It is currently unclear why serum miRNAs would have dramatically more predicted targets than non-serum miRNAs. Since serum levels of some miRNAs are known to correlate with cellular miRNA levels, their presence in the blood might reflect higher expression levels overall.4 It has also been reported that nucleotide content affects serum miRNA extraction efficiency.30 At the same time, the ability to bind more mRNA targets might result from a sequence bias in the serum miRNAs. To test this idea, we surveyed the nucleotide content in serum miRNAs and found that, indeed, there were statistically significant differences in nucleotide usage between serum and non-serum miRNAs. Adenine (A) was more frequent and cytosine (C) was less frequent in serum miRNAs than in non-serum miRNAs; in non-serum miRNAs, guanine (G) was the most frequent nucleotide. The nucleotide usage of serum and non-serum miRNAs is shown in Table 2 and Figure 4. Very similar results were observed for serum and non-serum miRNAs in mouse, with the exception that uracil (U) was the most frequent nucleotide in serum miRNAs (Table S3 and Figure S5).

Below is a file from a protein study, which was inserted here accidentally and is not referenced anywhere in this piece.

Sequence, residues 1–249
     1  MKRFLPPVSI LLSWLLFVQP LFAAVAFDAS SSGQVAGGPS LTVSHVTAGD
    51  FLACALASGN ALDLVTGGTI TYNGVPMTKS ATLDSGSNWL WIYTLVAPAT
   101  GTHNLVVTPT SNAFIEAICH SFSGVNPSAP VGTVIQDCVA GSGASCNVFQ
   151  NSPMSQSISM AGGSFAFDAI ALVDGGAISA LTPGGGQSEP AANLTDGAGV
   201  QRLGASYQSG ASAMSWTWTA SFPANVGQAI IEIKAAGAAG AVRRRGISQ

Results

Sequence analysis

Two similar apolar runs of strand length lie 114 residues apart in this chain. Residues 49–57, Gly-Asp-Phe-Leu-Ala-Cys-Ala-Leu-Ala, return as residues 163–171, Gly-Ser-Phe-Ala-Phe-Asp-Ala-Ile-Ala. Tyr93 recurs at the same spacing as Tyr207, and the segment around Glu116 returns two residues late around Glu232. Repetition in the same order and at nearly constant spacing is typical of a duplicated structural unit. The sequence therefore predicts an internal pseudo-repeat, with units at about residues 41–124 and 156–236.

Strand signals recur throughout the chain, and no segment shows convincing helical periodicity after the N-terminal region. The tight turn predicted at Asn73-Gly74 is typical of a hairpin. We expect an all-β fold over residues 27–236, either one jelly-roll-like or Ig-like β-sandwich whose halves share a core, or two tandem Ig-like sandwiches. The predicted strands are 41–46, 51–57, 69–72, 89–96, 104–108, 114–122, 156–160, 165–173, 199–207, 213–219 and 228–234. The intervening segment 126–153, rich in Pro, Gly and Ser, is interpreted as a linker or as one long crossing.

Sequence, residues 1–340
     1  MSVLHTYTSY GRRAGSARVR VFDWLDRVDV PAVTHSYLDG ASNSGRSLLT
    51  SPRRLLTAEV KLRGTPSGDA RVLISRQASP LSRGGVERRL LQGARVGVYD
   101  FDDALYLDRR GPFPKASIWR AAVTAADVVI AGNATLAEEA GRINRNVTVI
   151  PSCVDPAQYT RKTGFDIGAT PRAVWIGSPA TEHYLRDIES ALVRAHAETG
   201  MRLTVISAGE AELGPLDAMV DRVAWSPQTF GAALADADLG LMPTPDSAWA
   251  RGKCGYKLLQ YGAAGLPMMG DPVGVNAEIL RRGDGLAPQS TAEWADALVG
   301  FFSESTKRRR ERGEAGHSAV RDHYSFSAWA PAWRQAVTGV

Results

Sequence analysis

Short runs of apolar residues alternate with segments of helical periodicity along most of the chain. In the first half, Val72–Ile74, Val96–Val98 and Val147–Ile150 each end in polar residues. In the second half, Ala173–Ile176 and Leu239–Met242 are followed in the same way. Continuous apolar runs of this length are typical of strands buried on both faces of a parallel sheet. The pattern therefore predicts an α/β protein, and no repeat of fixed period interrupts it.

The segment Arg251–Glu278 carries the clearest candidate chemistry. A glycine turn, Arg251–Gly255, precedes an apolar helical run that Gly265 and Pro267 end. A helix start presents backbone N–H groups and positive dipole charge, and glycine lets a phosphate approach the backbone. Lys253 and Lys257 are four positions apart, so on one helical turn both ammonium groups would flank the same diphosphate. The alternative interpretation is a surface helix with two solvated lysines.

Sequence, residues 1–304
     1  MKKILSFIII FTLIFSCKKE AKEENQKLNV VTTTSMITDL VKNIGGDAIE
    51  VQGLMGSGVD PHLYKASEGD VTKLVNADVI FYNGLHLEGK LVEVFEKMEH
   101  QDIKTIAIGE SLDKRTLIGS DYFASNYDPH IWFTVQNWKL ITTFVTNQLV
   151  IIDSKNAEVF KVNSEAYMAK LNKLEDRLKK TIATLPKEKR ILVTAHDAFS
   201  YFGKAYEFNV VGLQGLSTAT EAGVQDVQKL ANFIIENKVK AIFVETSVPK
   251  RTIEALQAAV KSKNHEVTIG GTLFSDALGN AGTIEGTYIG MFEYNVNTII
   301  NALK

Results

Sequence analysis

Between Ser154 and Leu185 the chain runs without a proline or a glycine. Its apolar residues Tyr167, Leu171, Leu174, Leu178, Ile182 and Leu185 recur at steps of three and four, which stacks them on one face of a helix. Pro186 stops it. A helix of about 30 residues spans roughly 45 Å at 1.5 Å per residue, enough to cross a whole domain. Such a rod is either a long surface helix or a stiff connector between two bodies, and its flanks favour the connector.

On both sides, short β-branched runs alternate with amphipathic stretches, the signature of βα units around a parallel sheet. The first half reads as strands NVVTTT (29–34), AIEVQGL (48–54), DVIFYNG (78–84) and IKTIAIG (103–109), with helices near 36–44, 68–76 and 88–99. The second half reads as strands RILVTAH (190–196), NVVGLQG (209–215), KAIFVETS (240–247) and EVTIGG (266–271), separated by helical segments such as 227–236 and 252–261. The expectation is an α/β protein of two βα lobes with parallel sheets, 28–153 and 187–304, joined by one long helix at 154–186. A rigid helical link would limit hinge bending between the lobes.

Table 2 Nucleotide frequency of human miRNAs

Notes: The second and third columns are the mean frequencies of A, G, C and U nucleotides for serum and non-serum miRNAs. Green color indicates most frequent nucleotides, while light blue color shows less frequent nucleotides. Two-tailed p-values for serum nucleotides were calculated from the ratio distributions of similar number of randomly selected miRNAs (10,000 times).

Abbreviations: NT, nucleotide; miRNA, microRNA; A, adenine; G, guanine; C, cytosine; U, uracil.

Figure 4 Nucleotide distributions of serum (A) and non-serum (B) miRNAs in human beings.

Notes: Nucleotide frequencies (expressed as a ratio to other nucleotides) of serum and non-serum miRNAs were calculated. Then, the frequency distribution of each nucleotide was constructed for serum and non-serum miRNAs.

Abbreviations: miRNA, microRNA; A, adenine; U, uracil; C, cytosine; G, guanine.